The lessons learned here are that many cops believe they are above the law and that like a pack of vicious predators they will stick together even when it involves brutalizing, terrorizing, assaulting, and attacking anybody one of them decides to target for whatever reason, even something trivial like a minor delay. Such cops are criminals far worse than many gang members. They should be dealt with via termination of their jobs, black-listing them out of any role or employment in law enforcement, and prosecution for their crimes.
Lawsuit Against City of Chicago
Corrupt governments often disregard these types of abusive conduct by law enforcement. It is in their interests to do so as they are liable for the actions of the criminal cops they employ. The only remedy is a civil suit as prosecutors often won’t touch police misconduct cases unless government liability can be minimized.
Clark and Malandrucco retained Chicago attorney Heather Lewis Donnell who filed Clark et al v. City of Chicago et al in US Federal Court on March 22, 2010, to hold the City of Chicago and any police officers involved responsible for police brutality and misconduct including civil rights and criminal violations against Matthew Clark and Gregory Malandrucco. The parties named in the lawsuit include the City of Chicago, Officer Brian Postrelko, Officer Michael Torres, Officer Nelson Crespo, Officer Elise Middleton, Officer Rick Podgorny, Officer Angelique Martinez, and unknown plainclothes Chicago Police officers.
Video of Police Beating
Below you can see a video of part of the beating caught by a security camera outside the restaurant.
Video About Chicago Police Beating Clark and Malandrucco
An extensive version of the beating video, complete with the uniformed cops arriving on the scene to take over restraining one of the victims, was available from CBS 2 but seems to have been taken down as was a video on the NBC Chicago website. Given how mass media often suck up to those in power, should it be a surprise that the publicly available evidence against the thugs running the streets of Chicago has gone missing?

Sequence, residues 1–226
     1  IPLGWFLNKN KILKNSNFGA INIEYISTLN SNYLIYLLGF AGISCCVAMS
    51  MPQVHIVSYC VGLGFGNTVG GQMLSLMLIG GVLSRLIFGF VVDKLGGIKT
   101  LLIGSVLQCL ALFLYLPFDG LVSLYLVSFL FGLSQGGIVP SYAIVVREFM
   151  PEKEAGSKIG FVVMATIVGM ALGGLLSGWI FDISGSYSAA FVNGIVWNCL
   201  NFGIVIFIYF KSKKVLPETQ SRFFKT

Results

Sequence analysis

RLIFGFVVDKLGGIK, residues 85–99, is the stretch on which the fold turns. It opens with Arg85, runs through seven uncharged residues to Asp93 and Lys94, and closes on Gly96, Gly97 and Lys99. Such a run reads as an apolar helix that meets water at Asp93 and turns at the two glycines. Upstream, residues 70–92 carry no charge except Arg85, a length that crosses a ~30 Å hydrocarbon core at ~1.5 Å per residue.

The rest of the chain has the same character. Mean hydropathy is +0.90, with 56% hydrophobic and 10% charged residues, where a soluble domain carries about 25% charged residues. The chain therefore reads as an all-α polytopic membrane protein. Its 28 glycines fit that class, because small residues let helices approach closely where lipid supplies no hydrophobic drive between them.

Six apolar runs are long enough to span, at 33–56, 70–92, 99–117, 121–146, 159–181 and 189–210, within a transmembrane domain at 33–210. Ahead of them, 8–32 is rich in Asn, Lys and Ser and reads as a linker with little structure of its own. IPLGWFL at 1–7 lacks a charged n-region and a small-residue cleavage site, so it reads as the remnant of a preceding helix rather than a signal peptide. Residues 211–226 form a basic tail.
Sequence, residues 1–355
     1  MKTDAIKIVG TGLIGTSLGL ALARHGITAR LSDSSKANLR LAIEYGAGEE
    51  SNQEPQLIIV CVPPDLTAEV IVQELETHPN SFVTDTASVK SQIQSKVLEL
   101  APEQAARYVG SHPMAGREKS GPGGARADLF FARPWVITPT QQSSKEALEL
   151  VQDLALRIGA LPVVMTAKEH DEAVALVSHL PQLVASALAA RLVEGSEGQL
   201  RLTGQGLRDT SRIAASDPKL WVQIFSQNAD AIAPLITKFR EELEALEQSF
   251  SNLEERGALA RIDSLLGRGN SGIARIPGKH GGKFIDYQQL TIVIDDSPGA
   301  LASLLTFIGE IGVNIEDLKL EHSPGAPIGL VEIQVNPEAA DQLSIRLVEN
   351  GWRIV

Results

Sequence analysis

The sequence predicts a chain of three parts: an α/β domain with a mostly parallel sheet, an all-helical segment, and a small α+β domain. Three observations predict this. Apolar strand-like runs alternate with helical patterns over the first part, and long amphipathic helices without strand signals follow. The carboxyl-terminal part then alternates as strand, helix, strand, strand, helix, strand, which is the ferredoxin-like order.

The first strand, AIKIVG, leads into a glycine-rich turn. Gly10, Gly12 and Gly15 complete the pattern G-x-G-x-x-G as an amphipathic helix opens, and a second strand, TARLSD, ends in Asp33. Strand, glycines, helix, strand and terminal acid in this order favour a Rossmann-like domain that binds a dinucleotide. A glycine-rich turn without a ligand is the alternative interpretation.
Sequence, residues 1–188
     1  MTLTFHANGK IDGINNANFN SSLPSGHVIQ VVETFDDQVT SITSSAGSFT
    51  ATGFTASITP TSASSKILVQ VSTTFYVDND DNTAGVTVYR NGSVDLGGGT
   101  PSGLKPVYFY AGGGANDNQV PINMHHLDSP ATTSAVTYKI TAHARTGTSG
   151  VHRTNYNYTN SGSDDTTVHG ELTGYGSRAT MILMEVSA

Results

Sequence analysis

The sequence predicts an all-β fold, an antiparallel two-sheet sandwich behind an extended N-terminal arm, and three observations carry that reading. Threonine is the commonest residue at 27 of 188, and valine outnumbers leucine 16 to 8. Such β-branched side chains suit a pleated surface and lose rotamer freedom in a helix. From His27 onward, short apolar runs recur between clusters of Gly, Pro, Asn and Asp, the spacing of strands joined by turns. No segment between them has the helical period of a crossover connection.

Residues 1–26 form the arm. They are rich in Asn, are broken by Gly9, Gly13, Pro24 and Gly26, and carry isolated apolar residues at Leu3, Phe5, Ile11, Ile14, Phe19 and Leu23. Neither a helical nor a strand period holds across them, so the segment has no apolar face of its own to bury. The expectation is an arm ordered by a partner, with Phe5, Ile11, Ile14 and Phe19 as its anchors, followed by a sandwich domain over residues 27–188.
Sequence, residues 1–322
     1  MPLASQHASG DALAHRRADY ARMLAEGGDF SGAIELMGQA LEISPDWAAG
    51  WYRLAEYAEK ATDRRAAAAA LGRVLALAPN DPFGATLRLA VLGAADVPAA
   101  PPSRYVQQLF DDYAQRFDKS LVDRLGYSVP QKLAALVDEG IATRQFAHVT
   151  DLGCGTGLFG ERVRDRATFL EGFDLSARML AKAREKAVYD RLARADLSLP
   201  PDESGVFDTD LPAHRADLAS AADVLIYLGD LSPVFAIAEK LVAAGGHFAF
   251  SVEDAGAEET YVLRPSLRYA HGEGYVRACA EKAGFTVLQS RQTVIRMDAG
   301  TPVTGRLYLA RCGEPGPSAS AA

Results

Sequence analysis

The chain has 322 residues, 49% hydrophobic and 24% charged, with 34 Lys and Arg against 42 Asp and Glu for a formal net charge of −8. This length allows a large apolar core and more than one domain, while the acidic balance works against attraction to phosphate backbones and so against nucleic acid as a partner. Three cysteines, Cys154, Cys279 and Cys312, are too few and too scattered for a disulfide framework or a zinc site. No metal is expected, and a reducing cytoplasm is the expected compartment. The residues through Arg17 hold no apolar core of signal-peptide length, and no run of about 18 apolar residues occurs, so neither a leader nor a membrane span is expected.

If the allegations are accurate, we hope Clark and Malandrucco will be successful with their suit. Furthermore, area prosecutors should wake up and pursue prosecution and the police department terminate all the police officers who were involved for assault, failure to file required reports, and failure to obtain medical assistance for injuries parties. The world is a dangerous enough place without predatory criminals in American police forces looking to terrorize anybody who offends them in even the most minor way.
Updated February 11, 2016
Clark and Malandrucco have gone to great effort to expose Chicago Police Department for its abusive conduct. Beyond filing a lawsuit and spreading new of the incident to the public and media, they even offered a $10,000 reward for information about the beating.
In City of Silence in 2014, they gave a summary of their version of events and some of the aftermath.
Malandrucco has taken part in protests against Chicago police brutality and continued to write pieces about the experience and aftermath such as I was the victim of police brutality: How I survived my brush with death.
The City of Chicago settled the lawsuit by paying $185,000 in damages. Clark and Malandrucco agreed to the settlement after what they describe as continuing harassment from Chicago police. They describe being tracked and confronted by police who they suspect were using GPS pinging to find them. They also describe an incident that appears to be a bullet being shot through a window into Clark’s condo while they were inside watching TV. The beatings and later incidents wrecked their sense of safety and left them doubtful they could ever trust the police, so they didn’t even call 911 regarding the suspected shooting. They also never learned who the plainclothes cops were.
While there are hopefully some Chicago cops who would regard this whole debacle as disgusting and reprehensible, the case shows that the Blue Wall of Silence is alive and well in the City of Chicago. Residents and visitors to Chicago should assume Chicago Police Department is composed of many armed dangerous criminals likely to physically assault you with no provocation or just cause. Until the cops who would not commit such crimes are willing to arrest and testify against the terrorists in their ranks, unfortunately all Chicago police should be regarded as dangerous predators. Do your best to stay away from the predatory Chicago police. Perhaps consider avoiding visiting Chicago or moving away from the corrupt city if you live there.